I'm creating instances of a class Foo, and I'd like to be able to instantiate these in a general way from a variety of types. You can't pass Foo a dict or list. Note that Foo is from a 3rd party code base - I can't change Foo's code.
I know that type checking function arguments in Python is considered bad form. Is there a more Pythonic way to write the function below (i.e. without type checking)?
def to_foo(arg): if isinstance(arg, dict): return dict([(key,to_foo(val)) for key,val in arg.items()]) elif isinstance(arg, list): return [to_foo(i) for i in arg] else: return Foo(arg)
Edit: Using try/except blocks is possible. For instance, you could do:
def to_foo(arg): try: return Foo(arg) except ItWasADictError: return dict([(key,to_foo(val)) for key,val in arg.items()]) except ItWasAListError: return [to_foo(i) for i in arg]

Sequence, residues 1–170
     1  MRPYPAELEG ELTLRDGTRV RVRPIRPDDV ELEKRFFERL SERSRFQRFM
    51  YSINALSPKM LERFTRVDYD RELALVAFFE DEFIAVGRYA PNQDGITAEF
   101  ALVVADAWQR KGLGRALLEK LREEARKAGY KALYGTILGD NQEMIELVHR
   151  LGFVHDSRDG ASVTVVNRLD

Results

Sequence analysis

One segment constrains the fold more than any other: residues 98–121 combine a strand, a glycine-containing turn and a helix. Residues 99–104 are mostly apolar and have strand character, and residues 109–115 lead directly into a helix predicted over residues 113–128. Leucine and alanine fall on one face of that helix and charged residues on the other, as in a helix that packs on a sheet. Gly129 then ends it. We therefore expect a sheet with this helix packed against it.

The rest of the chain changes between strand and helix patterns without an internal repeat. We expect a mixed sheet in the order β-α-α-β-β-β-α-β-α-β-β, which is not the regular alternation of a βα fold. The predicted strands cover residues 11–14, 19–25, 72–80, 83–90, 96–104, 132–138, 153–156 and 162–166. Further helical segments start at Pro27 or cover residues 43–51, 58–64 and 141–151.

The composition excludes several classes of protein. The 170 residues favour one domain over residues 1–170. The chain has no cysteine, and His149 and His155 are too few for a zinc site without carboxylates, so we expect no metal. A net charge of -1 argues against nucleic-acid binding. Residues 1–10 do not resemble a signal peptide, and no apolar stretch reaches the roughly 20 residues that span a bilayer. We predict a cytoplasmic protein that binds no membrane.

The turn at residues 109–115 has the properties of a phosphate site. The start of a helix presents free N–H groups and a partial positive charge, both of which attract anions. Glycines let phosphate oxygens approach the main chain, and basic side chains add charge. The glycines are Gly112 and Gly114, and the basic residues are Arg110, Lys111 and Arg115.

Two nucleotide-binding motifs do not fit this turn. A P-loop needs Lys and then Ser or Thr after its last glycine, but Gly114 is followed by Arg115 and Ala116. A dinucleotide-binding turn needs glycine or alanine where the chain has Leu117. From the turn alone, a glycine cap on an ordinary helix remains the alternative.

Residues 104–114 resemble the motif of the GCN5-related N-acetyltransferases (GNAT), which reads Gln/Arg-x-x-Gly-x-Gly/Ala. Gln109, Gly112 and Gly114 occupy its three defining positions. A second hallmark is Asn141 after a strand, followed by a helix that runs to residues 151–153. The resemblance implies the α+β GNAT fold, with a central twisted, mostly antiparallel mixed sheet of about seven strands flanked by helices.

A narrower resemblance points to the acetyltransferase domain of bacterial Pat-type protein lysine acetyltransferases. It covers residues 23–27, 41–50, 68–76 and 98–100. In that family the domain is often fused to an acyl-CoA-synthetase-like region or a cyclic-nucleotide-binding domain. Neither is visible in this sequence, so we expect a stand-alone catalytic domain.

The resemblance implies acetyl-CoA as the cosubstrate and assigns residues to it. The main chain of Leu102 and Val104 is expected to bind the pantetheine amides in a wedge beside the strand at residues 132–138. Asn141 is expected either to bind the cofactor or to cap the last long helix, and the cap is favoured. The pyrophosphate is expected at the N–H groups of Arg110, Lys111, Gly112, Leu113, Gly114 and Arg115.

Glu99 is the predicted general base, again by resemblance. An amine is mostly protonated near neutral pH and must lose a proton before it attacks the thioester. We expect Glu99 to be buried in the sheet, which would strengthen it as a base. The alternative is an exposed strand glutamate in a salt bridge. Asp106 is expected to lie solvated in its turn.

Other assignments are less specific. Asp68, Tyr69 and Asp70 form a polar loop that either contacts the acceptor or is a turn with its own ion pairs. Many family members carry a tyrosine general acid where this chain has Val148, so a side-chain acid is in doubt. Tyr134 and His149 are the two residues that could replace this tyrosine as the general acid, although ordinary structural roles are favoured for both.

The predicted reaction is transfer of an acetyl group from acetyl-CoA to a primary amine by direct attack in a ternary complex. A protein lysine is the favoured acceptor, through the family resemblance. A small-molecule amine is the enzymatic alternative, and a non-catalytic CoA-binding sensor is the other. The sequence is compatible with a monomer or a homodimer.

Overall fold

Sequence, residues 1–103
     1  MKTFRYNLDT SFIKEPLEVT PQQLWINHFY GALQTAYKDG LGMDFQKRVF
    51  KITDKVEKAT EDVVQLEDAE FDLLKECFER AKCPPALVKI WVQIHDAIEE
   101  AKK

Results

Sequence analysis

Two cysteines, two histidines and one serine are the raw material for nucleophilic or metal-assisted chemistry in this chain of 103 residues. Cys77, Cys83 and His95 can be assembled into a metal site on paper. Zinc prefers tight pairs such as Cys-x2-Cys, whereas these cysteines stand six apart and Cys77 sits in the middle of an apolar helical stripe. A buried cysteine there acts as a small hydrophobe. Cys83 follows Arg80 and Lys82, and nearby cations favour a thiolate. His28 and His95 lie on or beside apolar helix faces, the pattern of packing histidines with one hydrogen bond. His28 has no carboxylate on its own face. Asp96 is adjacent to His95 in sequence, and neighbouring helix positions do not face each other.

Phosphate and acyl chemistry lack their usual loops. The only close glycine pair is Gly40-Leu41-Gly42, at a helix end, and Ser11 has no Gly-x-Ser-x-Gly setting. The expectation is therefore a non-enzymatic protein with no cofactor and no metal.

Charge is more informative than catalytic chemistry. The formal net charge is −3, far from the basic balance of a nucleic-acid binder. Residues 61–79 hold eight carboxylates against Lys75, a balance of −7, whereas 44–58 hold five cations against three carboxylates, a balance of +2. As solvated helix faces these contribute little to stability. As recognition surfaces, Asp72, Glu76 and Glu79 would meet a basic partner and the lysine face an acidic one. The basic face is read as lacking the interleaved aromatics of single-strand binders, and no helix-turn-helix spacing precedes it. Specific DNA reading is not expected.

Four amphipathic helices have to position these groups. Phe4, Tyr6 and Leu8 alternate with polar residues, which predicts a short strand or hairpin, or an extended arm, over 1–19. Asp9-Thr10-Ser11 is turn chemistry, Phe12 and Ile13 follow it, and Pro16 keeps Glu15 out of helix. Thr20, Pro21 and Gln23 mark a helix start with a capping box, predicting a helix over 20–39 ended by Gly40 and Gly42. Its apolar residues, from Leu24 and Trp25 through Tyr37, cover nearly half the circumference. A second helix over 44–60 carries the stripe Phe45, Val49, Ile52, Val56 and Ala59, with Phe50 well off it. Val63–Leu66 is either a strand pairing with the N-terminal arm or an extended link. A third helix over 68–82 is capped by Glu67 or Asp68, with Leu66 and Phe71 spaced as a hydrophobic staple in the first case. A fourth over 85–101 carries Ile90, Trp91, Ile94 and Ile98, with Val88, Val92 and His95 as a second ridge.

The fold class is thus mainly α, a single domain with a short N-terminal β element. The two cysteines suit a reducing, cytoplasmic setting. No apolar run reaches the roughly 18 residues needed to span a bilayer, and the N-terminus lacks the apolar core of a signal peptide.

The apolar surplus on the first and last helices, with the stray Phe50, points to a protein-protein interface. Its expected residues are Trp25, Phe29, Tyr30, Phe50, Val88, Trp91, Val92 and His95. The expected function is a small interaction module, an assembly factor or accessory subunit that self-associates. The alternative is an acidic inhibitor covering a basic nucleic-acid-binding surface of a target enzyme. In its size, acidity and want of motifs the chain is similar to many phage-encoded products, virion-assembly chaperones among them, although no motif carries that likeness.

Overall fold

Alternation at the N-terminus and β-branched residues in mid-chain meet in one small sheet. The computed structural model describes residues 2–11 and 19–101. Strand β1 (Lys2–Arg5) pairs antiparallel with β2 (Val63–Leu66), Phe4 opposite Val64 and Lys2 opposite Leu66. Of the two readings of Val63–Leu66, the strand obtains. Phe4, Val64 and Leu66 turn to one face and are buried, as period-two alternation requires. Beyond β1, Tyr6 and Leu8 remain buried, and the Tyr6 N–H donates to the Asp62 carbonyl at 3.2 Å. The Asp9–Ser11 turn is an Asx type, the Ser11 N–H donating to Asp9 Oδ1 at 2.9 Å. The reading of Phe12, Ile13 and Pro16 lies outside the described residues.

I'm not totally satisfied by this for two reasons: first, type checking seems like it addresses more directly the desired functionality, whereas the try/except block here seems like it's getting to the same place but less directly. Second, what if the errors don't cleanly map like this? (e.g. if passing either a list or dict throws a TypeError)
Edit: a third reason I'm not a huge fan of the try/except method here is I need to go and find what exceptions Foo is going to throw in those cases, rather than being able to code it up front.